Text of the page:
Little Blue Run Coal Ash Pond

Learning Objectives

Students will read a recent science news article and discuss the content.
Depending the on the article, students may be asked to draw connections to current events or other classroom exercises.

Standards Addressed

Depending on the article, one of these standards may be most appropriate:

Subject Area - 1: Reading, Writing, Speaking, and Listening

     Standard Area - 1.3: Reading, Analyzing, and Interpreting Literature - Fiction and Non-Fiction

          Grade Level - 1.3.6: GRADE 6

               Standard - 1.3.6.A: Read, understand, and respond to works from various genres of literature

                    Assessment Anchor - R6.A.2: Understand nonfiction appropriate to grade level.

Preparation Time Needed

<30 minutes, enough time to read the article and associated questions, answer the questions, and possibly come up with more that are relevant to recent class exercises. 

Activity Description

(Part of the PAESTA In The News - Current Events in Earth and Space Science Series. This series compiles current resources and background materials for recent scientific events in the news. Questions are provided with each topic, written across Bloom's Taxonomic Scale, and can be used for classroom discussion and/or as a writing prompt at the beginning/middle/end of an instructional unit.)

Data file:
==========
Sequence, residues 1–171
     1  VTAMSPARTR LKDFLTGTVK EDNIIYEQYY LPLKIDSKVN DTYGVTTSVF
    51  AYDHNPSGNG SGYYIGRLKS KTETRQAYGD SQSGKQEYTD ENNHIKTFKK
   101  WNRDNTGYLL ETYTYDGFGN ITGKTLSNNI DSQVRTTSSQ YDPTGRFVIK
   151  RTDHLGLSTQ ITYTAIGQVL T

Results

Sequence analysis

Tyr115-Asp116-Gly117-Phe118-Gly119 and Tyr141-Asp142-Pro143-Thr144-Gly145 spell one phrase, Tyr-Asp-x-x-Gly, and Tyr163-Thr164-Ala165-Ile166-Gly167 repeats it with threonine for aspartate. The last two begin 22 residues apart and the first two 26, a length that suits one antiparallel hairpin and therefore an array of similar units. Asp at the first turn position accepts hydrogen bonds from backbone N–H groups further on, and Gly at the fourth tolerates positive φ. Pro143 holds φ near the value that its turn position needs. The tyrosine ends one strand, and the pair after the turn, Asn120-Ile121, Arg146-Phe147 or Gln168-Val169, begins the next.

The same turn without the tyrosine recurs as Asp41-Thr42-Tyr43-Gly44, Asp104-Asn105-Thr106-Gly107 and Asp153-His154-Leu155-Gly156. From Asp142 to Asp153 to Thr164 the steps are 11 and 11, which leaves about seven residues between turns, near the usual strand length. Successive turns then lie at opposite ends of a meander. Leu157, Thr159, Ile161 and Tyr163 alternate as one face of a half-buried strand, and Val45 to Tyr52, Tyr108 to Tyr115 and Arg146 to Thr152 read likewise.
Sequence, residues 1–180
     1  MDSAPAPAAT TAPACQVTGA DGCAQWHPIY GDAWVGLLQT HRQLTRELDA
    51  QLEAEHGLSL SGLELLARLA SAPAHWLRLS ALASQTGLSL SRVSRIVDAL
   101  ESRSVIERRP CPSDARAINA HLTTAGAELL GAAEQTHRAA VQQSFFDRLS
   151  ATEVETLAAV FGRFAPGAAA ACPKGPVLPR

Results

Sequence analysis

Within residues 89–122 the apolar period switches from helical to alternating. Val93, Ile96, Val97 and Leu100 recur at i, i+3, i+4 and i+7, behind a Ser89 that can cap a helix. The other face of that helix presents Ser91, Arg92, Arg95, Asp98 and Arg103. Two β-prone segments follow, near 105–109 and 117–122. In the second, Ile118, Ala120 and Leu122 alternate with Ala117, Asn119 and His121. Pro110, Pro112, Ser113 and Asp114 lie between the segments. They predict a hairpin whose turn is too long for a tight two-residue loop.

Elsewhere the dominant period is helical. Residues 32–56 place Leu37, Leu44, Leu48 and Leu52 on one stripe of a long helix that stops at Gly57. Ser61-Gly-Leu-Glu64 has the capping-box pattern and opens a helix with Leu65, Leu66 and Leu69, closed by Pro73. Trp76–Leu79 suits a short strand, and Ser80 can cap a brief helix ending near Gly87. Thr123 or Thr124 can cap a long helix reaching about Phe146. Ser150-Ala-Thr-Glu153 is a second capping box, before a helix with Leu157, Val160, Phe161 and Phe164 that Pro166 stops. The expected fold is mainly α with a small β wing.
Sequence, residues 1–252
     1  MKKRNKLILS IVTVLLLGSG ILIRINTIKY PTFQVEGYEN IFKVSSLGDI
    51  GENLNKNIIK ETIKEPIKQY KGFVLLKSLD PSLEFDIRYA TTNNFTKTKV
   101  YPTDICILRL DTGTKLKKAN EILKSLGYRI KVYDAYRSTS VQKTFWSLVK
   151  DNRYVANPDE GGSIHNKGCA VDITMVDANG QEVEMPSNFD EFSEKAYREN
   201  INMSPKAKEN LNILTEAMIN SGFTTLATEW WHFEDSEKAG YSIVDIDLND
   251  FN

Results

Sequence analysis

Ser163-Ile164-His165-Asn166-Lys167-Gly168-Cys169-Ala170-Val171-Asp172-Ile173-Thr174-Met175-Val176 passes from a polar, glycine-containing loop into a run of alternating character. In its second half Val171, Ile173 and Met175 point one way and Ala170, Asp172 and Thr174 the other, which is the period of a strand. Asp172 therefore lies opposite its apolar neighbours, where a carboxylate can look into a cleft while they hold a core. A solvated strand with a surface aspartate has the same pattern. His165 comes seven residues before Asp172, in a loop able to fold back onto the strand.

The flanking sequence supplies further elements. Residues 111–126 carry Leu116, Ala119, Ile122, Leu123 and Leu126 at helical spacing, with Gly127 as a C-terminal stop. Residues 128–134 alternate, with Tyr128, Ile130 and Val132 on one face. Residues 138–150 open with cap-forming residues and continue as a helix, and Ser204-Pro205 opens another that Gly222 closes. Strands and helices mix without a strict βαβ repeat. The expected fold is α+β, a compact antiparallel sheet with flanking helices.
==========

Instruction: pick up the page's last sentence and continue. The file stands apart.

Southwest Pennsylvania is home to one of the largest U.S. impoundments for waste ash from coal power plants.  But has the damage from Little Blue Run coal ash pond already been done to the land, air, water, and humans?

Articles to Share with Students

General Information

Questions for Classroom Discussion

  • Where is Little Blue Run Pond located?  Find the location on a map, and make note of the surrounding landscape and population.
  • What is a coal ash pond?  How does one form?  How did Little Blue Run develop?
  • Why does Little Blue Run have to shut down by 2016?  What would happen if it did not? 
  • What are some of the concerns expressed by the citizens living near Little Blue Run?
  • What are additional environmental impacts that could happen to this region?
  • What do you think will be the impacts on the hydrosphere in this region?
  • If a leak/contamination were to occur from Little Blue Run, could the contamination be contained?  Who should be responsible to do the clean up and pay for it?
  • Based on what you have learned about energy production with coal, do you think we should continue this process as a source of energy or explore other sources (wind, solar, etc.)?  Why/why not?

Compiled September 1, 2012, by L.A. Guertin. Teachers are encouraged to search for more recent articles and related discoveries.

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